The goals of osteoporosis treatment are to:
- Control pain from the disease.
- Slow down or stop bone loss.
- Prevent bone fractures with medicines that strengthen bone.
- Minimize the risk of falls that might cause fractures.
Medications are used to strengthen bones when:
- Osteoporosis has been diagnosed by a bone density study.
- Osteopenia (thin bones, but not osteoporosis) has been diagnosed by a bone density study, if a bone fracture has occurred.
Regular exercise can reduce the likelihood of bone fractures in people with osteoporosis.
However, avoid any exercise that presents a risk of falling, or high-impact exercises that may cause fractures.
Some of the recommended exercises include:
- Weight-bearing exercises — walking, jogging, playing tennis, dancing.
- Resistance exercises — free weights, weight machines, stretch bands.
- Balance exercises — tai chi, yoga.
- Riding a stationary bicycle.
- Using rowing machines.
Get at least 1,200 milligrams per day of calcium and 800 – 1,000 international units of vitamin D3. Vitamin D helps your body absorb calcium.
Your doctor may recommend a supplement to give you the calcium and vitamin D you need.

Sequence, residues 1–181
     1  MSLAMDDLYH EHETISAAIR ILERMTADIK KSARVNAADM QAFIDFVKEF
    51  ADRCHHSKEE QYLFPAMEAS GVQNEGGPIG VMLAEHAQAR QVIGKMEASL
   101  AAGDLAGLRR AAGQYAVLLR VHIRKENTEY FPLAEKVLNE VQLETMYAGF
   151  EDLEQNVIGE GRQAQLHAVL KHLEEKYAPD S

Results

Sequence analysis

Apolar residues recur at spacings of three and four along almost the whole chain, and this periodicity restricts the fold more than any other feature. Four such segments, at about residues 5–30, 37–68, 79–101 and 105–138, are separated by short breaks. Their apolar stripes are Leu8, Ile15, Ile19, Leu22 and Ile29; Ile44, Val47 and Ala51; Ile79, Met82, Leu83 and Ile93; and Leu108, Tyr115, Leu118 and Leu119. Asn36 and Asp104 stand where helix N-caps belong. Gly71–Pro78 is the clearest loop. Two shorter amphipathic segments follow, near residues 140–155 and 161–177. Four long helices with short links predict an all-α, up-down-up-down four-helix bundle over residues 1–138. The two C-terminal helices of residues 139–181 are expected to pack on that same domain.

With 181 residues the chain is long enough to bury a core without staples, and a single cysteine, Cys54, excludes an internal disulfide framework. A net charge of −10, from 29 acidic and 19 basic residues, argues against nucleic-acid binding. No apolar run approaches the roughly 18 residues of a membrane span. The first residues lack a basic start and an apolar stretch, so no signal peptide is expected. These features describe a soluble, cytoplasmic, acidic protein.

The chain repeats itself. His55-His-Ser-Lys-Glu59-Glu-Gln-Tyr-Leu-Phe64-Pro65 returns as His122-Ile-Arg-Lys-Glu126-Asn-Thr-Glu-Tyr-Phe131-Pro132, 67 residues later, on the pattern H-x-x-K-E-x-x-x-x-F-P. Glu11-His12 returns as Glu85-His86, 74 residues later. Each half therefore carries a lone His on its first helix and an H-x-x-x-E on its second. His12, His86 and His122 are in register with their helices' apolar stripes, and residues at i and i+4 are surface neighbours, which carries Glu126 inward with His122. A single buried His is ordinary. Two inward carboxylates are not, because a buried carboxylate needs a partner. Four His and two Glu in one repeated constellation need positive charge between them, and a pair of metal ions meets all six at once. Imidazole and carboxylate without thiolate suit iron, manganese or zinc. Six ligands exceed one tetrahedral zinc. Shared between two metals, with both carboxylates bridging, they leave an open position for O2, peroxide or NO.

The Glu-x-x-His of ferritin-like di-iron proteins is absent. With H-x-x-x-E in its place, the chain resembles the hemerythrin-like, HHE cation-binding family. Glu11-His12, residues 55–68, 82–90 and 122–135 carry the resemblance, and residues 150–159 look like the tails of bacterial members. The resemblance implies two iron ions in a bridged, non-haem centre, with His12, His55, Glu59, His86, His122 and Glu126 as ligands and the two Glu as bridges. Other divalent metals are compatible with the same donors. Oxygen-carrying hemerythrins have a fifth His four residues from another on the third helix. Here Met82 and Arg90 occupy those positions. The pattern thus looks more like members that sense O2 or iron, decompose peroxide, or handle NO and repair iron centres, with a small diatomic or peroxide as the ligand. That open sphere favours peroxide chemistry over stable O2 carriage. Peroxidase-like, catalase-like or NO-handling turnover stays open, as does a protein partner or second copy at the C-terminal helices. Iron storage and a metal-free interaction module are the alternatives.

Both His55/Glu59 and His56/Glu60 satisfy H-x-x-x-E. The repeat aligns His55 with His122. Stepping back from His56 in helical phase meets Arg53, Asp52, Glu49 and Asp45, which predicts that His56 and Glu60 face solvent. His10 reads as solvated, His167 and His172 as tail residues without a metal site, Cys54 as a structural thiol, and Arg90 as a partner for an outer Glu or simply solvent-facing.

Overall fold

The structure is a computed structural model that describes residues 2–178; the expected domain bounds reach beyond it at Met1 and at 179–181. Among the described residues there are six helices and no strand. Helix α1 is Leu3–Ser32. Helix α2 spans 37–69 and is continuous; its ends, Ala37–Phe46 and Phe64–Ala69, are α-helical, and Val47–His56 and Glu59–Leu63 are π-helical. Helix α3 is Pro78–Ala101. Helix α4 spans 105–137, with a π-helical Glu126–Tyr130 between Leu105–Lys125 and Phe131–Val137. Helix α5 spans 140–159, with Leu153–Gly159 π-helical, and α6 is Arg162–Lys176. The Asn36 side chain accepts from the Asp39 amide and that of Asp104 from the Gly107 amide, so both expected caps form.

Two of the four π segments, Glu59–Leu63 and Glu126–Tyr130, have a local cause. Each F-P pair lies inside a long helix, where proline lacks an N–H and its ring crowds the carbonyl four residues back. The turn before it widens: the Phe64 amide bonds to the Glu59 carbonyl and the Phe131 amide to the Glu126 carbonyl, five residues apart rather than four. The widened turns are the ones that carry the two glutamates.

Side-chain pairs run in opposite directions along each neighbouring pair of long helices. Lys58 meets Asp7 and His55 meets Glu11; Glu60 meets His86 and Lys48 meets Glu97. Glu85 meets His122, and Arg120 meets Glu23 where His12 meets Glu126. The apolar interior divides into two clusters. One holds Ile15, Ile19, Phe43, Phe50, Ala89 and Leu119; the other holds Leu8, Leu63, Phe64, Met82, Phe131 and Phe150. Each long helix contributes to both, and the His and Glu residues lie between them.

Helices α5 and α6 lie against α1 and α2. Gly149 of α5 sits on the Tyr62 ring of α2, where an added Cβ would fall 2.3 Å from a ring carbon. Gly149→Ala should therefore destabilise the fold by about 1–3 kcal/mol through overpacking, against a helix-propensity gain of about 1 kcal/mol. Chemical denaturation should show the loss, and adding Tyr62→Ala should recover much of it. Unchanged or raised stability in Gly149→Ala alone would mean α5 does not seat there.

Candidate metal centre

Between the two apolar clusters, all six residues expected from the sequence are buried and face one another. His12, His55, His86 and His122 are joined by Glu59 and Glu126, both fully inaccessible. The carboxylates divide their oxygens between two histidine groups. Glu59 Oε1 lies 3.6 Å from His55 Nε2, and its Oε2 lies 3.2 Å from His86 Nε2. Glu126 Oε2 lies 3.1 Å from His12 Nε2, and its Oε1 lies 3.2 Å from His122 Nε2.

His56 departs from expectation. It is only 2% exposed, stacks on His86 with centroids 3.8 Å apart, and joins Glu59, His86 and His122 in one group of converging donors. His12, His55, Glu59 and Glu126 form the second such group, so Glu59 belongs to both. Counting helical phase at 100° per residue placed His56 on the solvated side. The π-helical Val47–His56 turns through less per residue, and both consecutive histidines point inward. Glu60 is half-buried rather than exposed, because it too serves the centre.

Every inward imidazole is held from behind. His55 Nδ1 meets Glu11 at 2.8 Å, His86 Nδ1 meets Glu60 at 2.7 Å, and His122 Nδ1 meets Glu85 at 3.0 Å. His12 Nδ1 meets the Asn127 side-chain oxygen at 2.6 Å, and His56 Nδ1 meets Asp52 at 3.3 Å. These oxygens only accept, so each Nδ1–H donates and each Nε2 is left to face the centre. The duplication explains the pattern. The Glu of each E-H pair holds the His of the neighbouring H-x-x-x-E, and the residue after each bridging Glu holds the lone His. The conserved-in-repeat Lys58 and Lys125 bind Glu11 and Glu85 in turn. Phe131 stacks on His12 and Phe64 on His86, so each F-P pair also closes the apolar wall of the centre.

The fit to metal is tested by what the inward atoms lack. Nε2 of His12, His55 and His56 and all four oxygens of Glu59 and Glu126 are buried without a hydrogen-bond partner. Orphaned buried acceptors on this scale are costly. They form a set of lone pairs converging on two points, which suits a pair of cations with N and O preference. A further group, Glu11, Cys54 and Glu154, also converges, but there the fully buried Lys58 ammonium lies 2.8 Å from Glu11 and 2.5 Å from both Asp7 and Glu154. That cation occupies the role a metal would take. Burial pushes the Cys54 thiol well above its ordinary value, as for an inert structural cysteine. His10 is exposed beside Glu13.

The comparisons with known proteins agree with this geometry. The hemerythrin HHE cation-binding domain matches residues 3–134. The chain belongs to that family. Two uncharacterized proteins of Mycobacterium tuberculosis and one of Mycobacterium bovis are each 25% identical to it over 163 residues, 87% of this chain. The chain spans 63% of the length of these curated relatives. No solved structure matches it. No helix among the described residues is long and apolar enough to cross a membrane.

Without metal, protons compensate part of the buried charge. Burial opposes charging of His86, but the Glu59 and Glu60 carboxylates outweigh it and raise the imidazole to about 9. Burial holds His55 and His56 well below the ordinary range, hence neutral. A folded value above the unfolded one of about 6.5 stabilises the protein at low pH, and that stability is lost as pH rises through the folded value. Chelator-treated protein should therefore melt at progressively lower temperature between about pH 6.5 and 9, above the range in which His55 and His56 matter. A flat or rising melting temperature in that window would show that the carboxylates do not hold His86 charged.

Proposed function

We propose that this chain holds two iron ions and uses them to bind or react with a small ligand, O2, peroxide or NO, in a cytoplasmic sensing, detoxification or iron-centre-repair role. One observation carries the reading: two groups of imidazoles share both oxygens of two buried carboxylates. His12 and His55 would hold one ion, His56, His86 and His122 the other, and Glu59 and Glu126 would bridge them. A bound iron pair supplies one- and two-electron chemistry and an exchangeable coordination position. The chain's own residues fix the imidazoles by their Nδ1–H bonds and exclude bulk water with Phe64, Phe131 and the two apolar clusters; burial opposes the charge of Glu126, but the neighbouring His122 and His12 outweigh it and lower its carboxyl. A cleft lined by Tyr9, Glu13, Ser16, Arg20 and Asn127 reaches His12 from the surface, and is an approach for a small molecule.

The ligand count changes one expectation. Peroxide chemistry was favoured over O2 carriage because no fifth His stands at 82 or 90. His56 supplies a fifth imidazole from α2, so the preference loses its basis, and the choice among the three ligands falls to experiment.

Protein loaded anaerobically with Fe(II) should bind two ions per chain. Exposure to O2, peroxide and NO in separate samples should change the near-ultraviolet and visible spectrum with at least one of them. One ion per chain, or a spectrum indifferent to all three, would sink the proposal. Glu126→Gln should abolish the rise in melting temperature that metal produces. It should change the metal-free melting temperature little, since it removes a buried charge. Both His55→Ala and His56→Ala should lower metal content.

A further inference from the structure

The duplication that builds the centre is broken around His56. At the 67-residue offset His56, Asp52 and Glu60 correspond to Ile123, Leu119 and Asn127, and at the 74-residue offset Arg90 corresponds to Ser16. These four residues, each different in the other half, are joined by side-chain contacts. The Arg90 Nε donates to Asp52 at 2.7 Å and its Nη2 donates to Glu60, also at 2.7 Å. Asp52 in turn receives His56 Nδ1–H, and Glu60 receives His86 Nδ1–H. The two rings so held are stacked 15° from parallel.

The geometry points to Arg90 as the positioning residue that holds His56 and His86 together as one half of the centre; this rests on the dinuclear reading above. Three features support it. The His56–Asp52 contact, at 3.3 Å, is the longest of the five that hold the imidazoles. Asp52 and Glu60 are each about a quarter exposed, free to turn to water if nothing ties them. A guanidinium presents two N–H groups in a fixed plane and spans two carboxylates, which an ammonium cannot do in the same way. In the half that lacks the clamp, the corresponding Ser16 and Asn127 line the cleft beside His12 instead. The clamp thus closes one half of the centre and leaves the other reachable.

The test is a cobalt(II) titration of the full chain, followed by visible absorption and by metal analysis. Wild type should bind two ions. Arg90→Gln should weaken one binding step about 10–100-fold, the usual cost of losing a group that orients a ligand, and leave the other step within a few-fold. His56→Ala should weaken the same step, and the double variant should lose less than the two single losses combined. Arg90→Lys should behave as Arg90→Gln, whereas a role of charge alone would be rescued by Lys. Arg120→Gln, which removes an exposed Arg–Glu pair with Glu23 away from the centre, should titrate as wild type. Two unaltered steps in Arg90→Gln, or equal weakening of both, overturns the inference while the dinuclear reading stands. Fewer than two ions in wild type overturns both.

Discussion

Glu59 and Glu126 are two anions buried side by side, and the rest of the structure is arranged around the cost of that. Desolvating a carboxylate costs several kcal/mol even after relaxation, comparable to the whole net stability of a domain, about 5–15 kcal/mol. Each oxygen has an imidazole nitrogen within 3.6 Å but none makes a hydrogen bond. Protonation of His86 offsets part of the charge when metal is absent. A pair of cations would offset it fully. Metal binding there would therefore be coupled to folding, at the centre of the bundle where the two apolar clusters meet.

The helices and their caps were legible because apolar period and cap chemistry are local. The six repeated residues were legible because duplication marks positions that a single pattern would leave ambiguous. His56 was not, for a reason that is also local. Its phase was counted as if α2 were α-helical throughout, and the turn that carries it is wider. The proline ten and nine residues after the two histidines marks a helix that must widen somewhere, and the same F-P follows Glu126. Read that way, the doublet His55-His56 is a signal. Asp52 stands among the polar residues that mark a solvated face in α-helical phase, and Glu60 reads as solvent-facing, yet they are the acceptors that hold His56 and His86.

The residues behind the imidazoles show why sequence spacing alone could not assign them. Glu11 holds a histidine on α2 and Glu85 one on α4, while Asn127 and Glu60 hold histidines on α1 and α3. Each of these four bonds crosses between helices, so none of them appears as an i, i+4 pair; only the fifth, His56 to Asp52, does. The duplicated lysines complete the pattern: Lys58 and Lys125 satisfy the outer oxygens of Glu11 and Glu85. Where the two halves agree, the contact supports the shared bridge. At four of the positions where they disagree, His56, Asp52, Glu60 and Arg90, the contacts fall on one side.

Follow a diet that provides the proper amount of calcium, vitamin D, and protein. While this will not completely stop bone loss, it will guarantee that a supply of the materials the body uses to form and maintain bones is available.
High-calcium foods include:
- Ice cream
- Leafy green vegetables, such as spinach and collard greens
- Low-fat milk
- Sardines (with the bones)
It is critical to prevent falls.
Avoid sedating medications and remove household hazards to reduce the risk of fractures. Make sure your vision is good.
Other ways to prevent falling include:
- Avoiding walking alone on icy days
- Using bars in the bathtub, when needed
- Wearing well-fitting shoes